Tuesday, 25 April 2017

DAY 11: A BRUISING WALTZ

'Put me into one of your books,' orders Laura. We have been neighbours since Tuesday 18th of April. I know her first, middle and last names and she has never once asked for mine. I'm usually 'You. In the corner.' Or 'S'cuse me.' It only takes her a turn of her head and a command and I obey. Mostly. I did not obey her demand to be taken down to the concourse for a walkabout. She hasn't left her bed for weeks. The responsibility! She is keen to be discharged to get back to her little flat and herb garden so yesterday she perked herself up and got out of bed with a jam doughnut in hand and slid round my curtain to prove her improvement. I jumped up and pretended to waltz with her. 'Not strong enough for that,' she chided. Then she disappeared. Next thing there was a commotion outside by the nurses' quarters. Laura had keeled over and bruised her elbow and head. I felt instantly guilty. I ought to have accompanied her. But how could I know she'd attempt a sudden jaunt outside?

She knows she is good material. The other night the new patient and I were told off for chit chatting with our lights on. 'You're both young,' scolded the nurse. 'She's old. And needs her sleep.' Referring to Laura. I, submissive obedient, flicked off my light and plunged myself into a darkness I was not ready for. I was scribbling an email to my beloved friend Mary in the dark when pungent clouds of cigarette smoke wafted across. A smoker! At half past 11! I mentally accused Maria, my new 18 year old rebellious friend... sorry Maria! Didn't it turn out to be Laura?! Maria and I texted across the ward... keeping tabs on proceedings. The nurses seemed only mildly shocked... there's oxygen in hospital, they remonstrated. It's dangerous.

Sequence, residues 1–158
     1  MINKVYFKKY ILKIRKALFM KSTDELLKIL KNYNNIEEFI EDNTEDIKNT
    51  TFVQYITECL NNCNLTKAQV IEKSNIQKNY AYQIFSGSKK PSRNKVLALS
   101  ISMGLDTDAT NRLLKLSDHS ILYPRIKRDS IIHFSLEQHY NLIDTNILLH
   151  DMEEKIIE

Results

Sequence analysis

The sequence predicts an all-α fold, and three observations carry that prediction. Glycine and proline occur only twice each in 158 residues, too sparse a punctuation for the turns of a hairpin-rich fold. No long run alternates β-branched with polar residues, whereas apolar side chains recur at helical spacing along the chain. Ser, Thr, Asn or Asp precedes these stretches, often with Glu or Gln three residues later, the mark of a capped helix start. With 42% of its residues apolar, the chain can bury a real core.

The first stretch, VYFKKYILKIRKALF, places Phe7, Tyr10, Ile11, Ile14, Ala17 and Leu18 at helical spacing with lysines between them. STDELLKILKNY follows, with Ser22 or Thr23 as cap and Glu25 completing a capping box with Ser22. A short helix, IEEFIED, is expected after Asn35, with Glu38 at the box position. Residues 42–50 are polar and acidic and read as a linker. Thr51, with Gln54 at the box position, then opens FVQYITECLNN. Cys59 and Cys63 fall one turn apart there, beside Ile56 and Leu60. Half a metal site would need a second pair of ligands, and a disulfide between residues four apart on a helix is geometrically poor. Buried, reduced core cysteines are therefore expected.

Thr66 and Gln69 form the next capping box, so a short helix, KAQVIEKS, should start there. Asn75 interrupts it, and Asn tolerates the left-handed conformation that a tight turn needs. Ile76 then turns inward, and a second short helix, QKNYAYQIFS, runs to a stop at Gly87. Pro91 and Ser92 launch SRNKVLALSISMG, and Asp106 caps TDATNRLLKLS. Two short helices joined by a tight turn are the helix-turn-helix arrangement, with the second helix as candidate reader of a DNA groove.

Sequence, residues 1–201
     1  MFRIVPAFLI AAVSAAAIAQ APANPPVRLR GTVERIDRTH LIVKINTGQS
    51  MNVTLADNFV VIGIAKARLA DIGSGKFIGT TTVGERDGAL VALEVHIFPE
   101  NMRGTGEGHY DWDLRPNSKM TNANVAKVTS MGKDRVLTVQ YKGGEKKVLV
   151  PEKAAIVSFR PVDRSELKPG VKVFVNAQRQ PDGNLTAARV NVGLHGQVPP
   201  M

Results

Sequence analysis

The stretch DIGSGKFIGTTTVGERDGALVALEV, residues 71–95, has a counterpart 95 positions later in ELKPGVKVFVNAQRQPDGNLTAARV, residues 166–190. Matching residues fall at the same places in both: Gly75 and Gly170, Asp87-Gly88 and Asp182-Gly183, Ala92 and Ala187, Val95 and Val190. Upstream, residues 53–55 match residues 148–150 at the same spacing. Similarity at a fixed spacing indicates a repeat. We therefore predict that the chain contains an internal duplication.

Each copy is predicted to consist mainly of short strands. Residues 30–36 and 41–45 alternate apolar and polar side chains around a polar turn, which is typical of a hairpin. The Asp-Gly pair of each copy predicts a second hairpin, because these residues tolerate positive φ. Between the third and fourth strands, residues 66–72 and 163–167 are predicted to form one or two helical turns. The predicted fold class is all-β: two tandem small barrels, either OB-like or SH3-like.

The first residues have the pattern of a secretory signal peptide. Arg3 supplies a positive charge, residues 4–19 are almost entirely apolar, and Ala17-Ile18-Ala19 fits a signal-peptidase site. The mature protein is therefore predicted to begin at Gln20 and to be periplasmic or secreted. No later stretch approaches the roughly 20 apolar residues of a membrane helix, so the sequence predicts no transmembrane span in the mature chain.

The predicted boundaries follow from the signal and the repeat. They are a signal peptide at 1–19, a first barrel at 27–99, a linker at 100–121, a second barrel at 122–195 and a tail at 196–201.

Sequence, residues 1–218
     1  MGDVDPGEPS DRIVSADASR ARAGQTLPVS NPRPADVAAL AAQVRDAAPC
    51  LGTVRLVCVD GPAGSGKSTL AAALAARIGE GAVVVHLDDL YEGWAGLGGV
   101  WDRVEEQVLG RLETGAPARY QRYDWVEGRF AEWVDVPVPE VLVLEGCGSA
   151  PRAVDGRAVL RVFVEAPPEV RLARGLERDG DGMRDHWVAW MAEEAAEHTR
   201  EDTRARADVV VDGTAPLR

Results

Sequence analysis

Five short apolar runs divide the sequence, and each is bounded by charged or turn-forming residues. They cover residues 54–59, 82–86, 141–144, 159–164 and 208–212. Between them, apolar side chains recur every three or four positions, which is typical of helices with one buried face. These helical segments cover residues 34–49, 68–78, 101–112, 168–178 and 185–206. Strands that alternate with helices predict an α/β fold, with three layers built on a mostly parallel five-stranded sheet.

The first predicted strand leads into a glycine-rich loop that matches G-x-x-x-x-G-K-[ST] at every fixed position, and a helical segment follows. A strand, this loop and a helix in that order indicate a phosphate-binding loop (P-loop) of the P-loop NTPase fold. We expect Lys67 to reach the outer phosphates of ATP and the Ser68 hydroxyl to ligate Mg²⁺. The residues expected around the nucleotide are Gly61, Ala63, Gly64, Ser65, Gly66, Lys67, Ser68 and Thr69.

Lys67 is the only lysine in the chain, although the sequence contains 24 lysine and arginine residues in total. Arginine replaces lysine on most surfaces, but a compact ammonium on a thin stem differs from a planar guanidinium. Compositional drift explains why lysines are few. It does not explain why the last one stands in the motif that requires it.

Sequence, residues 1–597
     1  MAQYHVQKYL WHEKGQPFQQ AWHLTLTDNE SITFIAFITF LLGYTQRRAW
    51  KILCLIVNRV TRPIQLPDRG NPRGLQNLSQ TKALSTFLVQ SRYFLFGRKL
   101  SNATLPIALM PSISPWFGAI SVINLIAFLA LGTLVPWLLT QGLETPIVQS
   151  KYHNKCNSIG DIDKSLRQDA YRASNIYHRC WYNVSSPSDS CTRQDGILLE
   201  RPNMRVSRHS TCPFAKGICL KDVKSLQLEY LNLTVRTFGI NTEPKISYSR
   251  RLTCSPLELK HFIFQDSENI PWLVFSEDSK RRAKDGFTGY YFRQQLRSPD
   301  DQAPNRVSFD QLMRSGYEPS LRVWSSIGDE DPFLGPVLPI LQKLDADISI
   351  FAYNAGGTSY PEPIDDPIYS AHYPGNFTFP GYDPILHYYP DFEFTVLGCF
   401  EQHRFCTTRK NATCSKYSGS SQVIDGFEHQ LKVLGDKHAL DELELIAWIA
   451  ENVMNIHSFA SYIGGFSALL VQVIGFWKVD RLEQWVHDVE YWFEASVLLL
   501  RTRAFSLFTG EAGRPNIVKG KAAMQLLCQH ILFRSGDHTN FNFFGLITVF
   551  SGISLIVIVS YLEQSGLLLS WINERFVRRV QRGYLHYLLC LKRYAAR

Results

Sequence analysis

But Laura was unfazed. The nurses had taken long enough for her to drag half a ciggie's worth of much craved tobacco into her lungs and she was satisfied.

Laura often refers to the other nurses as my 'coloured and Oriental friends' because they are from Kerala, the Philippines, Nigeria. I try to explain they are not 'my' friends, but 'our' nurses. Finally I take a piece of paper across to her to show her my name and helpfully pronounce it Shy Star. 'Oh, I don't like that,' she says. 'Sounds too much like a shyster.' Anyone who says this to me is instantly someone I never want to speak to again.
'My name,' I say, with as little heat as possible, 'is Persian. I am not a shyster. You can call me Shy if you prefer.'
I return to my bed. A bit defeated. Eighteen years of casual racism in this very hospital has toughened me up. But I am not invulnerable.
Silence. 
'Persian,' did you say?'
'Yes. Persian.'
'I think I'll call you 'Little Lotus Flower'. 
'Sounds a bit of a mouthful,' I return. 'But if you like.'
'Well. I'm just trying to think of something pretty to call you. Something soft and gentle.'
Then...
'I like my name,' I say into the silence. 'Very much.'
'I like mine too,' she replies.
And we leave it at that.